The industry’s expansion is expected to be driven by the GCC’s robust economic prospects, continued infrastructure needs and rising issuance from governments and government-related entities.
“We remain upbeat on the outlook for the GCC Islamic finance industry, but we have seen mixed fortunes across sectors this year and a broad spectrum of structural issues continuing to pose challenges,” Standard & Poor’s Middle East managing director and regional head Stuart Anderson said.
Despite growth, the industry remains a demand-driven market, with limited supply.
The expansion and enhancement of existing Islamic finance centres in the GCC and a more transparent regulatory environment are critical to accelerate growth.
The sukuk sector has registered healthy volumes this year with $20.3 billion worth of issuances in the GCC as of October 5, 27.3 per cent higher than the same period last year.
The fall in the issuance of corporate and infrastructure sukuk by almost a third compared to the same period last year was more than compensated by higher issuance from governments and financial institutions.
S&P believes sukuk issuance this year is on course for a 5pc growth from last year.
Refinancing needs from maturing sukuk and the good economic prospects for the GCC underpin our expectations.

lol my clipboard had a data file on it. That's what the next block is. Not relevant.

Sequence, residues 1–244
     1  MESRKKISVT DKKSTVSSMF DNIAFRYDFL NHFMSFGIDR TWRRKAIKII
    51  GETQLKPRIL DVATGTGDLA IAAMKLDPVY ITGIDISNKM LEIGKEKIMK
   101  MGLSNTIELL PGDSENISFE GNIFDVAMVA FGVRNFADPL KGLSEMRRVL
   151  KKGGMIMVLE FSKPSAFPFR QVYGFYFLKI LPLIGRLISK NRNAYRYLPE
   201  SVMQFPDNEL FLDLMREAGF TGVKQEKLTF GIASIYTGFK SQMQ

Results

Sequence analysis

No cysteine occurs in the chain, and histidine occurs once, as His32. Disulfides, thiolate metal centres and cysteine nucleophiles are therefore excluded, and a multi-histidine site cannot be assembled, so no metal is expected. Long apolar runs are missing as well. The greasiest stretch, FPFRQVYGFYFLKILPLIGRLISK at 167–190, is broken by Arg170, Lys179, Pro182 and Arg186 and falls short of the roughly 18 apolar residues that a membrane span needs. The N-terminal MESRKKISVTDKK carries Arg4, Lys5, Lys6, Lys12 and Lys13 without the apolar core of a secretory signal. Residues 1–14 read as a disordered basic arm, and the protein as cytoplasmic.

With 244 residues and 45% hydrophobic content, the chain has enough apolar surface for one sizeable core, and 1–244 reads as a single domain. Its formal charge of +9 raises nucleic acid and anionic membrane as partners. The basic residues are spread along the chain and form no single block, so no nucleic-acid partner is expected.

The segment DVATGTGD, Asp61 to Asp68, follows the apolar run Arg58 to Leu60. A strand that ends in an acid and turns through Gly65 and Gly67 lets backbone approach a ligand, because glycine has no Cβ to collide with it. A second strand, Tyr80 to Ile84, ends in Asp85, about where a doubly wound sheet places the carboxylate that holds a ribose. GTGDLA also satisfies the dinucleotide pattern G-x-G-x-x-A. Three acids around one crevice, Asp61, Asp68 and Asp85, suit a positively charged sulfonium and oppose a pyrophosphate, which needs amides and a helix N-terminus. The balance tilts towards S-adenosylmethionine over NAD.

Meanwhile, GCC Islamic banks have continued to increase their market share in the region.
Although S&P expects the growth of Islamic banks to gradually converge with that of their conventional peers over the next decade, the market share of Islamic banks will continue to rise in the next few years.
S&P expects total GCC banking assets – both conventional and Islamic – to rise to $2 trillion by next year’s end from $1.7trn at last year’s end.
The GCC banking credit stock is also expected to climb by around 10 this year and next year.
“Islamic banking growth is being driven by strong economic growth, recovering corporate asset quality cycle and ample financing opportunities.
“We believe Islamic banks will continue growing visibly faster than their peers, particularly in countries that have the highest domestic credit growth prospects,” said Mr Anderson.
In contrast to the Islamic banking sector, the takaful sector in the GCC underperformed their conventional peers.
Continued resistance to the concept of insurance has left the market dominated by compulsory lines of business and weakened by fierce price competition.
S&P estimates the GCC takaful sector to generate just over 10pc of total market premiums. The sector is dominated by medical and motor insurance while the provision of life savings products, the mainstay of mature markets, is still undeveloped in the region.
Source: Gulf Daily